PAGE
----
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Industry bodies send final save 6 pleas to BBC Trust

By | Published on Tuesday 25 May 2010

UK Music, The Association Of Independent Music, the BPI and the Musician’s Union have all sent last minute pleas to the BBC Trust, asking for BBC 6music to be saved.

In a statement introducing a lengthy submission from UK Music, which includes a case study of the support 6music has given Moshi Moshi Records, and contributions from PR firm Anorak London and indie label Full Time Hobby Records, the trade body’s head Feargal Sharkey says: “It is vital that as an industry our voice is heard clearly, prominently and with determination. If nothing else, the BBC needs to understand that its current proposals for 6 are misinformed, inappropriate and, as an industry, not an option we are prepared to explore”.

Also contributing, in her role as an artist who released her first single through the aforementioned Moshi Moshi and who only received radio play on 6music at the start of her career, Florence ‘And The Machine’ Welch said: “6music gave me so much support at the start, and throughout my career, and I think the BBC would be failing to support young and upcoming talent if they were to take it off the air; no other radio station is as committed to playing new and alternative music, it would be a huge loss to the airwaves”.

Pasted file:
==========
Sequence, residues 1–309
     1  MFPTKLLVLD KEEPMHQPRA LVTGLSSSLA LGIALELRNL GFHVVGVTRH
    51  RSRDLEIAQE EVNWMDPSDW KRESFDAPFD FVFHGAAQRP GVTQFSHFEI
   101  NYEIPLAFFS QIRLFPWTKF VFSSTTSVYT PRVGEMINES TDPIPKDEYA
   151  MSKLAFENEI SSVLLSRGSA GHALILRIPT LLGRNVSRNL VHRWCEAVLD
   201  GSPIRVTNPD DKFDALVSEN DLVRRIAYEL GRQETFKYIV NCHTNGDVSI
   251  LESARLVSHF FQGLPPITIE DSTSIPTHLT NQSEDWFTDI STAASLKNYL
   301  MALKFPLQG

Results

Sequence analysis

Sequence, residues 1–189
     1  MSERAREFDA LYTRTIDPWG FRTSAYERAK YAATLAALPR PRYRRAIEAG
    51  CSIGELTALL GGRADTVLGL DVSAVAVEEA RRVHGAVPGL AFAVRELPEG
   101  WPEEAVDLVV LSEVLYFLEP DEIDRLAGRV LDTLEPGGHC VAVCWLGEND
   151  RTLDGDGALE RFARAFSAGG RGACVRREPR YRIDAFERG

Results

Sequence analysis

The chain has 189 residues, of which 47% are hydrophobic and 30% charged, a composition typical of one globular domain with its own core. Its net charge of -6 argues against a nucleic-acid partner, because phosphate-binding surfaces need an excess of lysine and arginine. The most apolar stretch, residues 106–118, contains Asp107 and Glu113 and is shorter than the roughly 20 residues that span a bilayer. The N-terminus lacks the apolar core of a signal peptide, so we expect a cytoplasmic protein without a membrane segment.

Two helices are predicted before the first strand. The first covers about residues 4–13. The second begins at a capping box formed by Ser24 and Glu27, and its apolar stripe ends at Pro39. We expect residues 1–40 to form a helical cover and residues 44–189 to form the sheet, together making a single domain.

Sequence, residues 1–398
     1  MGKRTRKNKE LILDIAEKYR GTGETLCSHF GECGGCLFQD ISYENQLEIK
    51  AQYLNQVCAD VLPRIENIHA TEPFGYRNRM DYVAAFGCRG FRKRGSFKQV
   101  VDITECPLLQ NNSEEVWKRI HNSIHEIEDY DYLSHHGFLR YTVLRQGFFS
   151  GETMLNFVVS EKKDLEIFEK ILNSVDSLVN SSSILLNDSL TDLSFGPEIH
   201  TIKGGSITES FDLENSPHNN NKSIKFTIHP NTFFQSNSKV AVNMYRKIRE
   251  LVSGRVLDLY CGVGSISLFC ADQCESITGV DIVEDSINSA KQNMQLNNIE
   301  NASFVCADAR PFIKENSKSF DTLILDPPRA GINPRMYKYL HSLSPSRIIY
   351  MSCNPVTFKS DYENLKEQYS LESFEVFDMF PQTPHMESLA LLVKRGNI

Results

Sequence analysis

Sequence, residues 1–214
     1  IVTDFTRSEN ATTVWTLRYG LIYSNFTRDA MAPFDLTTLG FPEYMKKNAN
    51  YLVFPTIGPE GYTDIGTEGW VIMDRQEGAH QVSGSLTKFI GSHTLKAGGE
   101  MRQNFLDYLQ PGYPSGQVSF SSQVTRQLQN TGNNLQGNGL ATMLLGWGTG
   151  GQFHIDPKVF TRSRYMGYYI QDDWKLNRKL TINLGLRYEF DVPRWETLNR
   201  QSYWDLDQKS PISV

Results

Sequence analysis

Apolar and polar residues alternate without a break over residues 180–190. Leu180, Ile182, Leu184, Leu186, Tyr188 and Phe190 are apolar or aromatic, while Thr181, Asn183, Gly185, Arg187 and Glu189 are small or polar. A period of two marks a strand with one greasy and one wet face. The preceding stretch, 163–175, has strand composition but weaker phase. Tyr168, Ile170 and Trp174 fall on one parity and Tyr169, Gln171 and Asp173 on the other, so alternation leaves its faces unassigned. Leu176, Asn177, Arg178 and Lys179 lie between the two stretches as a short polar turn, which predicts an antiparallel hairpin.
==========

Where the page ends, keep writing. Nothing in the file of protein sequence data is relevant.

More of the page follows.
Echoing Florence’s words, AIM’s Alison Wenham said in her own organisation’s submission: “It is right that the Association Of Independent Music – whose member companies are the finders and incubators of almost all new British music creators, performers and entrepreneurs – should stress the importance of 6music to independent music. 6music is a radio station which has quickly established itself as pivotal in this process of talent development. Readily available data clearly shows mainstream BBC music networks’ content is dominated by the major multinational entertainment companies – which suits these networks’ daytime audiences and competes with commercial music radio. Without 6music independent new music has no national radio station”.

Communicating major as well as indie label support for 6, BPI boss man Geoff Taylor said: “6music is exactly the kind of programming the licence fee is there to support – distinctive, high quality broadcasting that the commercial market would not provide. This is a chance for the Trust to stand up for the rights of the listener, and save a national treasure.  Signing its death warrant would not only let down music fans, it would fail generations of British artists who do not get played otherwise”.

The MU, meanwhile, broke its response down into twenty points of fairly balanced arguing, concluding: “[BBC management’s proposals] contains a lot that the MU can support in terms of an overall strategy and vision for the BBC, but we are concerned that some of the cuts and reductions in current services seem to be aimed at appeasing the commercial and political forces that want to see a smaller and weaker BBC that does not fulfil its high ambitions. We would urge the BBC not to fall into the trap of offering unnecessary sacrifices in order to satisfy those who will always criticise the BBC”.

The BBC Trust’s public consultation on the Corporation’s strategic review, which proposes the cutting of 6, that other incredibly important radio service the Asian Network, and a raft of other BBC services, closes today. You have until 5pm today to submit your views, which you can do here:

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